No daylight transport is available to this town, so my only option is to depart in the evening and arrive at 4:00 in the morning. Honestly, what are these people thinking?
So there I am, four-something in the morning, dark and absolutely freezing outside, and I'm asking the driver if there's someplace warm I can wait until daybreak—he shrugs his shoulders. Other people are getting into taxi's, perhaps going home or to a hotel. Down the road I spied the only illuminated building in the area—the ticketing office for another bus company.
In exchange for not receiving hypothermia that morning, I sat in the office and shoveled out more than I think I should have for an onward ticket to Salta, Argentina—a little over US$11. I waited and finished off the novel that I swiped from the hostel in Sucre, a day or two earlier.
The bus was supposed to arrive at 7:30, do the border formality thing, and then proceed onto Salta, some eight hours away. I'm waiting at the door, watching the ever increasing amount of buses and pedestrians scurry about, looking for my transport. Nothing. No office personnel are in sight.
It must be 7:45 when an employee walks in with five British girls and a tall white fella. I watch them get issued tickets, and they tell me they're going on a 10:00 bus. I look at the guy, and say, "where's my bus?" He replies, "It's gone." I'm looking at him, giving him my very unhappy face. Apparently the bus flew past the town without stopping, and went straight to the border. The compassion-less Bolivian tells me that I might be able catch the bus at immigration, or to talk with the sister office on the other side.
I take off down the road, jogging with my backpack on, and catch sight of a bus at the border—probably my bus—speeding off in a cloud of Argentinean dust and dirt just as I get to the frontier.
Still hoping I might be able to catch up with the bus at the office in the border town in front of me, I checked out of Bolivia in a heartbeat. The Argentinean military guard verifying exit stamps—a real dorky looking doofus—is harassing every person crossing the frontier, making fun of their name or appearance—he said I looked like a cat. Still very displeased with the entire waiting since 4AM and the bus blowing past me situation, I tried very hard not to shove my passport down his throat and get ejected from Argentina before I was even stamped in.
The 30 minutes spent at the Argentinean control point made sure there was no hope in catching my bus. I walked the 10 minutes to the bus terminal, reflecting on the verbiage I would use with the people therein.
An older man and younger woman were behind the desk of my bus company. Speaking to the guy (who looked like he was the superior), I told him about the bus, how I was very unhappy, and that I wanted my money back so that I could get a ticket for the idling bus outside that was leaving for Salta in a few minutes.
Lying, he said that bus wasn't going to Salta, and the next bus (from his company) would be at 11:15 (we had jumped ahead an hour when I crossed the border). I was not pleased with this response, and we bickered back and forth for a while before he threw up his hands and turned his back on me—the typical Latin American thing that people do when they're fed up with me (that, or shut a door in my face). Like an ostrich with his head in the sand, if he doesn't see me, I don't exist.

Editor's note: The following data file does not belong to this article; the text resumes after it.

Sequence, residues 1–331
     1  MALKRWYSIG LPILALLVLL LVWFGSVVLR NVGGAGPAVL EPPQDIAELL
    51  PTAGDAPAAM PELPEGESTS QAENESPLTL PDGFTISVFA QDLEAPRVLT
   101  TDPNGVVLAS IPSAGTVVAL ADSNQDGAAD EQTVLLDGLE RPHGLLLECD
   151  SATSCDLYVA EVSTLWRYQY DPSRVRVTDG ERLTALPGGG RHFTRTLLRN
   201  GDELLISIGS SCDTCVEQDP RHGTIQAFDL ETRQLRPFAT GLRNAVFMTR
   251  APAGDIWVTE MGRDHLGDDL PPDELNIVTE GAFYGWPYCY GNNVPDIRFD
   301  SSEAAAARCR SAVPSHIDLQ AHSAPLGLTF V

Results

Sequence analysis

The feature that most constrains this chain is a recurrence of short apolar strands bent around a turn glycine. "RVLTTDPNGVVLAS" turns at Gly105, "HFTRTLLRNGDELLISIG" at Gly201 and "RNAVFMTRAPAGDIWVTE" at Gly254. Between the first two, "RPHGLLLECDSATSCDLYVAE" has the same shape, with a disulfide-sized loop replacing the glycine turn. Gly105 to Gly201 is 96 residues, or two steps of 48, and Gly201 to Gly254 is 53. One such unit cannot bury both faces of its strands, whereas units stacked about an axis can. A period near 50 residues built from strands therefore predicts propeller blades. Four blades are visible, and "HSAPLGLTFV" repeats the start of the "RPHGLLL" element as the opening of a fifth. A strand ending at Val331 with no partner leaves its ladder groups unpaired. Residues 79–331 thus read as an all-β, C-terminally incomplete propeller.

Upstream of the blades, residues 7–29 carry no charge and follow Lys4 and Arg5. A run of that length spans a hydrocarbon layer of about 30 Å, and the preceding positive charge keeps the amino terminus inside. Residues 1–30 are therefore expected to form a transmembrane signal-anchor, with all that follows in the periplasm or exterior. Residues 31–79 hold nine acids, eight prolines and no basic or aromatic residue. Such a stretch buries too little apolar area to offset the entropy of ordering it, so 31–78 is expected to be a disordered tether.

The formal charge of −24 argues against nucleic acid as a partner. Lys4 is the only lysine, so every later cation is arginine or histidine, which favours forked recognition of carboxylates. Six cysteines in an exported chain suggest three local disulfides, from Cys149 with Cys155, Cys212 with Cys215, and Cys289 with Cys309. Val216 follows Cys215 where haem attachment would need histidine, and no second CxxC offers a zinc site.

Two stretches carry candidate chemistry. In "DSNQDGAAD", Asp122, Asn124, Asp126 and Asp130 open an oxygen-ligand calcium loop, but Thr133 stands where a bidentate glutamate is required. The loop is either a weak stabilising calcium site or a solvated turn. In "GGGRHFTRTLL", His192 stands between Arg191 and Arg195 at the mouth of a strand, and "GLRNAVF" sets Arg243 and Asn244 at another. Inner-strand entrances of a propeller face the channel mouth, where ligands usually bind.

Before disrespecting me by showing me his back, he said the only way I was going to get my money back was if I returned to Bolivia and dealt with the office there.
The girl politely asked if I wanted to change my ticket for the later bus, and since it didn't look like I had much of an option, I agreed, and watched the bus outside speed away.
As I'm sitting in the parking lot, I'm trying hard to remember the last time I had a smooth land crossing into another country. Chile–Bolivia was horrible; Peru–Chile was expensive and chaotic; Ecuador–Peru was overly dangerous; Colombia–Ecuador was freezing and plagued with fixed calculators; and the pure organizational disaster that was Costa Rica–Panama really needs some help from a few consultants. I suppose the last stress free crossing was between Nicaragua and Costa Rica, in the first few days of July (although this was sadly the same day that Germany lost the World Cup). I can also vividly remember Nicaragua refusing to give me an entry stamp into their country as I departed Honduras—bizarre. Maybe I need a rabbit's foot, or something.
Dirty and displeased, I cleaned up in the bathroom. I have no qualms with washing up and shampooing my hair in a bathroom sink. I felt much better afterwards.
The final frontier shocker came when the bus company actually charged me to check and store my backpack under the bus—amazing—that one was a first.
All I need now is a shower (to wash away 60+ hours of sleepless travel), and to sit back in a comfortable chair with a bottle of wine. Thankfully, that will be the last border I cross for some time.